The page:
Philip Dansken (P.D.) Ross – A Golf Mandarin

Often when you bring up certain historical names to those in sporting circles these days, the lack of recency leads to plenty of blank stares. In a world where the news cycles are shorter than ever, fewer people are exposed to the heritage of many things, golf included.

A name on a trophy becomes just that. Something with little context, which greatly and unnecessarily diminishes what has come before.

One of those appellations is P.D. Ross. While not familiar to all, he is no less important than the monikers of media and sports icons that litter the headlines today. In fact, if not for him, and his commitment to organizations, today’s Canadian sporting world would probably have taken quite a different shape.

You hardly hear the term as much these days, but in a 1924 MacLean’s magazine article on Philip Danksen (more well known as P.D.), the journalist and newspaper owner was referred to as a “Golf Mandarin”. The term “mandarin” indicates a person of power or influence, and despite all the lifelong accomplishments of Ross, it was in the sport of golf to which the author applied the term to him.

Seven-two years after being laid to rest in Ottawa’s Beechwood cemetery, Ross’ name continues to reverberate in the sport to which he was most dedicated. It is adorned on trophies presented at the Royal Ottawa Golf Club (where he is a Past President), by the Ottawa Valley Golf Association (Ross donated the Gerald Lees City & District prize), and the PGA of Canada.

The latter came about as the golf-obsessed Ross took part in the meeting at the Royal Ottawa Golf Club in 1911 that led to the founding of the association that united golf pros in Canada. Ross offered up the $100 for a trophy that would be awarded to the Canadian PGA champion each year. While the original trophy disappeared after a few years, the subsequent replacement still bears his name.

That said, if you ask many golfers today who Ross was, few will likely know his varied and impressive resume. Not only did he come to touch golf in a timeless way, but he was also embedded into the construct of many other things more familiar to the average citizen. In fact, his life and the depth of his affiliations was nothing short of remarkable.

Montreal Roots

Born in Montreal in 1858, Ross was the son of Christina Chalmers Dansken and accountant Philip Simpson Ross. The latter is considered a pioneer of accounting in Canada and a member of the Canadian Business Hall of Fame.

The younger Ross, one of multiple siblings, took up engineering studies at McGill University. There it is said that his athletic pursuits may have outweighed any interest in academics.

He mixed his love of rugby, football, rowing, lacrosse, and hockey with time as the editor of the school newspaper, the McGill Gazette, laying the foundation for his life.

The first of his many historic sporting roles came to life at McGill as the captain of the McGill Football club that competed against Harvard in an early series of contests said to be the first international ones of their kind.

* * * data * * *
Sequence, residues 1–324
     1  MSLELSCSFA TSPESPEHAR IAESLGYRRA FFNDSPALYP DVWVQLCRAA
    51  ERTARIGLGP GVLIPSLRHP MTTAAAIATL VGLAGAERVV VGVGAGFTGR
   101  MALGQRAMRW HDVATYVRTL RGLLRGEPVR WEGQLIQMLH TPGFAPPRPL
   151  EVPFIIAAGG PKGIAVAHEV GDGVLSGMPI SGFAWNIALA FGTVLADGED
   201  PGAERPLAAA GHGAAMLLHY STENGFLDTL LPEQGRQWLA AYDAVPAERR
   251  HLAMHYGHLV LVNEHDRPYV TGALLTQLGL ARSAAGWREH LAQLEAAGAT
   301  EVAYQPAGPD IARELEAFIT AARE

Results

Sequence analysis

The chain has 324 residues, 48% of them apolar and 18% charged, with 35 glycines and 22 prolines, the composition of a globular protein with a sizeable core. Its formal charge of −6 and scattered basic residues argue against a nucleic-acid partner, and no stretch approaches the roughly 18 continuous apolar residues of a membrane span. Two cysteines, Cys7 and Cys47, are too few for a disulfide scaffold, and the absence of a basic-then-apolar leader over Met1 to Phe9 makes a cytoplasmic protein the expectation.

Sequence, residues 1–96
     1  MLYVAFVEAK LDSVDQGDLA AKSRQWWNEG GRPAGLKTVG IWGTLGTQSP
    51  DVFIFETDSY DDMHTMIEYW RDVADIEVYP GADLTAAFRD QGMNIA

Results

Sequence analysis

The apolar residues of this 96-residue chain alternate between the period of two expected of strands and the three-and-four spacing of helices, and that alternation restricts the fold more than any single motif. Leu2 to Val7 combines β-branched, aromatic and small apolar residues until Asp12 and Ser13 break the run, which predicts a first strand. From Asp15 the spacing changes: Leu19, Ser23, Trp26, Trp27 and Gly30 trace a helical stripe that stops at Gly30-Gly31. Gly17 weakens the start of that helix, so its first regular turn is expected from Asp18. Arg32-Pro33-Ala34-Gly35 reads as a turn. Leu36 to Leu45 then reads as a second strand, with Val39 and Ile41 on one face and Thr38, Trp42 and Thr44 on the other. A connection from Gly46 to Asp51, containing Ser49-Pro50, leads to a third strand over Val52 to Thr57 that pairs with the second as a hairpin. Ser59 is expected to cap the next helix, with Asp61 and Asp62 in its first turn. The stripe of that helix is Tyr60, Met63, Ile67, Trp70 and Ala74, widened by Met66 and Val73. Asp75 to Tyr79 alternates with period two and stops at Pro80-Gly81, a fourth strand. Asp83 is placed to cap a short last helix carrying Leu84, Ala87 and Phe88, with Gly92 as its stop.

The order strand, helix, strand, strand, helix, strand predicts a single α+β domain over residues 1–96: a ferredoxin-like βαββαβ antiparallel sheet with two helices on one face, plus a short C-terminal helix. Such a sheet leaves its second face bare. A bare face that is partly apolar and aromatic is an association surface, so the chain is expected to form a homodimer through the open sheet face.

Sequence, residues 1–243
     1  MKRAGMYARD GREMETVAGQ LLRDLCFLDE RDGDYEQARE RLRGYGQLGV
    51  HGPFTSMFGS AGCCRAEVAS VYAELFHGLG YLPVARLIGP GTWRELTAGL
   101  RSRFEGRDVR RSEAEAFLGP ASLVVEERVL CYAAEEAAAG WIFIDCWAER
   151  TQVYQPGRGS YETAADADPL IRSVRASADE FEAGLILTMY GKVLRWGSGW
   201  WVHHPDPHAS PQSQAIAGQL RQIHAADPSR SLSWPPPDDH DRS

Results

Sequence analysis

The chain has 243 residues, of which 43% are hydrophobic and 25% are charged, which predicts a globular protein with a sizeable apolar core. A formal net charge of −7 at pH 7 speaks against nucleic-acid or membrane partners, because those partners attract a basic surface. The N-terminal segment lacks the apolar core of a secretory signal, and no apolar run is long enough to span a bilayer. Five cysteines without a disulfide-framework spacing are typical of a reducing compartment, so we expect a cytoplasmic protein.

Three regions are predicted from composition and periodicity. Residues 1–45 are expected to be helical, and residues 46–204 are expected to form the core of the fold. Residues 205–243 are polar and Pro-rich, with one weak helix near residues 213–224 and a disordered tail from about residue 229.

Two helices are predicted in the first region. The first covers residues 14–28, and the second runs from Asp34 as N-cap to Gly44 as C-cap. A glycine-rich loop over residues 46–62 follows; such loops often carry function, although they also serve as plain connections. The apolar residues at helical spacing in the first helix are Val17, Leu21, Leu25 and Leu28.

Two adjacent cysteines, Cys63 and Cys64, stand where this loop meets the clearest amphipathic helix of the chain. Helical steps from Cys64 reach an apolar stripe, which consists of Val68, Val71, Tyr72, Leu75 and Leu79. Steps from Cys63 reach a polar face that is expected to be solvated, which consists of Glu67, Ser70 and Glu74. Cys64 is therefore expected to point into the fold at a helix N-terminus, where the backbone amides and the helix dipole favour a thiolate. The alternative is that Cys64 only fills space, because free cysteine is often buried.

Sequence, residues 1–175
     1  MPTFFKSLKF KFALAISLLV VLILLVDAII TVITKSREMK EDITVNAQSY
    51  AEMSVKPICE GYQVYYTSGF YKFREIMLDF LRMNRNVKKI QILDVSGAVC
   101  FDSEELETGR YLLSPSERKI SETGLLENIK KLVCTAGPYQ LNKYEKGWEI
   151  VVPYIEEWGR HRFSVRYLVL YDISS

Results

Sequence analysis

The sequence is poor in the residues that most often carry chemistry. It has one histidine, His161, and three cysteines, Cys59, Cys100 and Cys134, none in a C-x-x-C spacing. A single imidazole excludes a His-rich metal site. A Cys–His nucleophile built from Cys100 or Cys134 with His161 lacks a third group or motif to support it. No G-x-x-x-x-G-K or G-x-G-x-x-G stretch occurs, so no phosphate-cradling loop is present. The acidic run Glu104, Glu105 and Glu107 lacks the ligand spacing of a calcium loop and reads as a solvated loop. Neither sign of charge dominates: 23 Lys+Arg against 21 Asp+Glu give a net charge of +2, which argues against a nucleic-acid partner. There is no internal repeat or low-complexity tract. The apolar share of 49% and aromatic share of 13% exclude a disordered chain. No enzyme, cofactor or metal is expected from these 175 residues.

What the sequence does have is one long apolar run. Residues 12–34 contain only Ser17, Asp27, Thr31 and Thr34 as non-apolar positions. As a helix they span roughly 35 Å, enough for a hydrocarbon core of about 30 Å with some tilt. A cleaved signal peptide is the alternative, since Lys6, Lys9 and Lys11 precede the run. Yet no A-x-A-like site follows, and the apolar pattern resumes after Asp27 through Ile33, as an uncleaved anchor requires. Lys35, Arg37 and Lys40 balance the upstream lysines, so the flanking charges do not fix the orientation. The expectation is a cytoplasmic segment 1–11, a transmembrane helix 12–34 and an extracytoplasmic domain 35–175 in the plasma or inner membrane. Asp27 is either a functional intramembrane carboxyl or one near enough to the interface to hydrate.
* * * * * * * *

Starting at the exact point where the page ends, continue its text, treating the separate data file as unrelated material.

After graduating from McGill, Ross spent some time working with the Montreal Harbour Commission, but his taste for the ink-stained trade would not leave him. He joined the staff at the Montreal Star in 1880, did some time with the Toronto with the Daily Mail, then returned to the Montreal paper where he eventually became the Managing Editor and part of their Press Gallery in Ottawa.

Post college, in between media assignments, he had maintained his interest in athletics. The talented Ross was a critical component in some of the best crews in Canada, representing the Toronto Rowing Club in 1883 and the Lachine crew in 1886.

His legacy in rowing remains. The one-time President of the Ottawa Rowing Club, an annual regatta still bears his name.

It was in the National Capital where he would spend the balance of his life. He rose to prominence as the Publisher of the Ottawa Journal, an operation he brought to new heights with the help of backers who would eventually integrate him into their golf circles. He would also serve as an Alderman for the city, and help found what would become the Canadian Press.

Ross also made his mark in hockey and lacrosse (as a trustee of the Minto Cup). Having played a fair bit of shinny with the sons of Frederick Stanley, the Lord Stanley of Preston, when his honour created a championship trophy for the sport, he made Ross one of the trustees. For many decades he guarded the honour of Stanley Cup and the integrity of those playing for it. Along with this assistance and in helping establish the Ontario Hockey Association, he was named to the Hockey Hall of Fame in 1976. Oh, did we mention that be also played for the Ottawa hockey club that was the predecessor to The Senators.

Golf came relatively late into Ross’ life. The game was burgeoning in Canada, and it is in his own personal diary, in 1899, that he makes note of his first foray on to the links. It was start of a lifelong connection.  

In the 1924 MacLean’s article, author Grattan O’Leary noted, “When rowing and hockey became too strenuous, Ross concentrated on golf, and it is a traditional belief in the Journal office now that he would rather make the Royal Ottawa course in par than double his profits of the year.”

As to be expected, given his prowess in many sports, Ross had considerable skill on the course. He competed well and regularly for his home Royal Ottawa Club, even more so in later years when he was active in the Canadians Seniors Golf Association, at a time serving as the President.

On his passing in 1949, P.D. Ross was praised for his kindness, philanthropy, and contributions to society. Nearly thee-quarters of a century later the flattery is no less appropriate.

While his story may be lost to time, P.D. Ross’ legacy lingers on, in the Canadian golf community, and beyond.

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